Rampant proliferation of pre–B cells in leukemia can be caused by overly active proto-oncogenes such as c-Myc. Wossning et al. (page 2829) now discover that this c-Myc surplus is driven by a tyrosine kinase called Syk. But even with lots of c-Myc, pre–B cells still need Syk to cycle.
B cell proliferation and differentiation must be tightly controlled to avoid the release of immature, nonfunctional cells into the circulation. The proliferation is driven by the pre–B cell receptor (pre-BCR), which activates Syk. Syk's role in proliferation is murky: it is overexpressed in some types of lymphoma and leukemia cells, yet it activates a known tumor suppressor and is down-regulated in certain malignant cancers.
To sort through this confusion, Wossning et al. overexpressed Syk in pre–B cells, which transformed the cells into an overproliferative, undifferentiated state. A Syk-specific inhibitor reversed this phenotype. The team thus concludes that Syk is a proto-oncogene rather than tumor suppressor, at least in this cell type.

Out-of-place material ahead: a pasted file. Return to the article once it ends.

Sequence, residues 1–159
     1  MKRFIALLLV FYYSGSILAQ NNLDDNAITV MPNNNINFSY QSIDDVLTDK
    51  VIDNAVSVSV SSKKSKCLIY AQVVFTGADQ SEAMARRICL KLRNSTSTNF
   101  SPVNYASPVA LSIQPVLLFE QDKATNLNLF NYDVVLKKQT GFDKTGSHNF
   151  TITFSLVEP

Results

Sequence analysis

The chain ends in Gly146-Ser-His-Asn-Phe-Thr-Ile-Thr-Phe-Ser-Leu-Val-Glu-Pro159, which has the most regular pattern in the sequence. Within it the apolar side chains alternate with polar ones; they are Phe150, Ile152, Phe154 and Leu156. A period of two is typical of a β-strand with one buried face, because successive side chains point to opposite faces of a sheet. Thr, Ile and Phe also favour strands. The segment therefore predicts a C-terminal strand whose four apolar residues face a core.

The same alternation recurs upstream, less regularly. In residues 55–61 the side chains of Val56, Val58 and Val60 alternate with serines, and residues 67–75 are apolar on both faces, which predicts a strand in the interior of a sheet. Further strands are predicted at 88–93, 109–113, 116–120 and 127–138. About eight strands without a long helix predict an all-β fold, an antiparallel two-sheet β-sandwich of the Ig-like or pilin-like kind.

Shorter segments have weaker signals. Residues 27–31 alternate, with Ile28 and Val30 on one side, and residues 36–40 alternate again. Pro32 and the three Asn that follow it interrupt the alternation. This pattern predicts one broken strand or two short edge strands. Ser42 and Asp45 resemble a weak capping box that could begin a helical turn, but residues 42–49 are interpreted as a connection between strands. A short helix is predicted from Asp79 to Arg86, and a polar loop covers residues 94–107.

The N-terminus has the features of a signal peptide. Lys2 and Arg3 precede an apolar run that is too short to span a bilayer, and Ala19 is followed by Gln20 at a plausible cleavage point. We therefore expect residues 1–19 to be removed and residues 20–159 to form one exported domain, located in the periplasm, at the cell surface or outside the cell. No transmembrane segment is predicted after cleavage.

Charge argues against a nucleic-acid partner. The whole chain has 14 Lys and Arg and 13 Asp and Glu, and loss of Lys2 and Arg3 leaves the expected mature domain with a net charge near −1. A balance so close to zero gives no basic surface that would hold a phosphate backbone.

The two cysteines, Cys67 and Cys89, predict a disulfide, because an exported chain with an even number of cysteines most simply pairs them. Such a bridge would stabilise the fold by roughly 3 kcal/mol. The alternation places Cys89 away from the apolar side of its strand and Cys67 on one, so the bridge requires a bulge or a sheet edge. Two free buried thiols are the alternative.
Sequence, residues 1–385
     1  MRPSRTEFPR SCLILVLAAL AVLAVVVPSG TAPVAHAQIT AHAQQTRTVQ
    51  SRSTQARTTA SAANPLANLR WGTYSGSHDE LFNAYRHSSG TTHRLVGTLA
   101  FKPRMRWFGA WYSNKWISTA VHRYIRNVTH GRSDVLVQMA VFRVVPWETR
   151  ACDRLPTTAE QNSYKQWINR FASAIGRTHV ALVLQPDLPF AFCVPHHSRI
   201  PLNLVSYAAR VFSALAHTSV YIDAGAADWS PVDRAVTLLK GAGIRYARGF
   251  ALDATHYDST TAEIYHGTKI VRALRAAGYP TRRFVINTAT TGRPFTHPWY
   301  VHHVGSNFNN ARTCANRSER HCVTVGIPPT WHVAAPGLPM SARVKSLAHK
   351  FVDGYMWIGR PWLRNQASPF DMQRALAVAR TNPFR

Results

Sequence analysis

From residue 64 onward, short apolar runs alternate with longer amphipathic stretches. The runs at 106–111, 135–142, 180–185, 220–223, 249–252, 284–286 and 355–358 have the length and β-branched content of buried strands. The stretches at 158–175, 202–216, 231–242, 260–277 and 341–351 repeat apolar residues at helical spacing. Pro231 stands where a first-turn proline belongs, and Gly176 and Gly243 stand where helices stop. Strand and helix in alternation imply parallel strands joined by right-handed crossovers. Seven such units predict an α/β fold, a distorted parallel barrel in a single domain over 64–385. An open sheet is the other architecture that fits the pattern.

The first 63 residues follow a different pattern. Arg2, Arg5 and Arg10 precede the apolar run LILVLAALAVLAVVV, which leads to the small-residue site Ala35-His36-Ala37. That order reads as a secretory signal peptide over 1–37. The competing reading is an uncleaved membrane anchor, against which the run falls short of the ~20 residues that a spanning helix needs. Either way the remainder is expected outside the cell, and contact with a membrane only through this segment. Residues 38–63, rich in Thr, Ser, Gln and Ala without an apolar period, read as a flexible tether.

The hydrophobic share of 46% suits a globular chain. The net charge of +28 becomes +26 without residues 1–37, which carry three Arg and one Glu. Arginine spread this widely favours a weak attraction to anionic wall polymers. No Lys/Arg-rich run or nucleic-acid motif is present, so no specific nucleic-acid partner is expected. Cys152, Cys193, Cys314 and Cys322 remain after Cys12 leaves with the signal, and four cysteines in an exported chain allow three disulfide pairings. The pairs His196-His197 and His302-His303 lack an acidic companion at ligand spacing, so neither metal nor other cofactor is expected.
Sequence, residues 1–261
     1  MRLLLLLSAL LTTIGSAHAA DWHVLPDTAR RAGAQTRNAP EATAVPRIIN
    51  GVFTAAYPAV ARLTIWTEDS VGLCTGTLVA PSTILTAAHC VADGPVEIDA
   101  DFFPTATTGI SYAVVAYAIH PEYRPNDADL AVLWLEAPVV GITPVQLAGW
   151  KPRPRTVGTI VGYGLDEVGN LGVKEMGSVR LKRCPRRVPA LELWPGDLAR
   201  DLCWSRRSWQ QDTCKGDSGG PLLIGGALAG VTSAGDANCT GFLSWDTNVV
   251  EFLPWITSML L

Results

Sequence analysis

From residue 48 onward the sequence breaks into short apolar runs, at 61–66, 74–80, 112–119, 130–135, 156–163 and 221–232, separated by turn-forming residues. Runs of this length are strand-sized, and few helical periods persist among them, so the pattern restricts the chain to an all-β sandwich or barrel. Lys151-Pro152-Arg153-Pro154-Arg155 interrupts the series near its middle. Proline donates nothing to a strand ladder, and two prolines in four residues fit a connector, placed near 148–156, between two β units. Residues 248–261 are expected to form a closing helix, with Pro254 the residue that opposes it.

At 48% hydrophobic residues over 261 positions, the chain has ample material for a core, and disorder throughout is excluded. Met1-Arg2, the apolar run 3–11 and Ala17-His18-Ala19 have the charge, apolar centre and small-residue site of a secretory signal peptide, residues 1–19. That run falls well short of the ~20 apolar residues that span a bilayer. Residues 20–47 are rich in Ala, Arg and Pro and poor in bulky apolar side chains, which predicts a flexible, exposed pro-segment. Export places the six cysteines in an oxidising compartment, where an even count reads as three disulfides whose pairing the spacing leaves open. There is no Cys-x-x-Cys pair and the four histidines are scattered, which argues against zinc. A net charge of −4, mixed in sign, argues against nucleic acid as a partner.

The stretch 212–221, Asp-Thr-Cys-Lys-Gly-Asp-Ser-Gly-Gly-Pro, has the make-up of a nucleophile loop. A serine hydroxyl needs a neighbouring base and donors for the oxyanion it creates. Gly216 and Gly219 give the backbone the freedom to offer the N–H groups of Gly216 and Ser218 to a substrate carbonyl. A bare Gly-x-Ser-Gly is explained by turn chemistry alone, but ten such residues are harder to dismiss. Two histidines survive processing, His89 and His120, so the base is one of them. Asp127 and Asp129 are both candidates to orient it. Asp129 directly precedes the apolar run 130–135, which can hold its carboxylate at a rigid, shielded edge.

The group also found that Syk promoted c-Myc expression. The addition of more c-Myc was all that was needed to transform pre–B cells, yet this transformation was reversed by Syk inhibition. Furthermore, c-Myc expression did not transform pre–B cells that lacked the pre-BCR. Together, these results indicate that Syk must be turning on other necessary proliferative or survival signals—perhaps Bcl-2 family members—in addition to c-Myc.
The finding that transformation resulting from either too much Syk or too much c-Myc can both be blocked with a Syk inhibitor suggests that a variety of B cell proliferative disorders might respond to this type of treatment.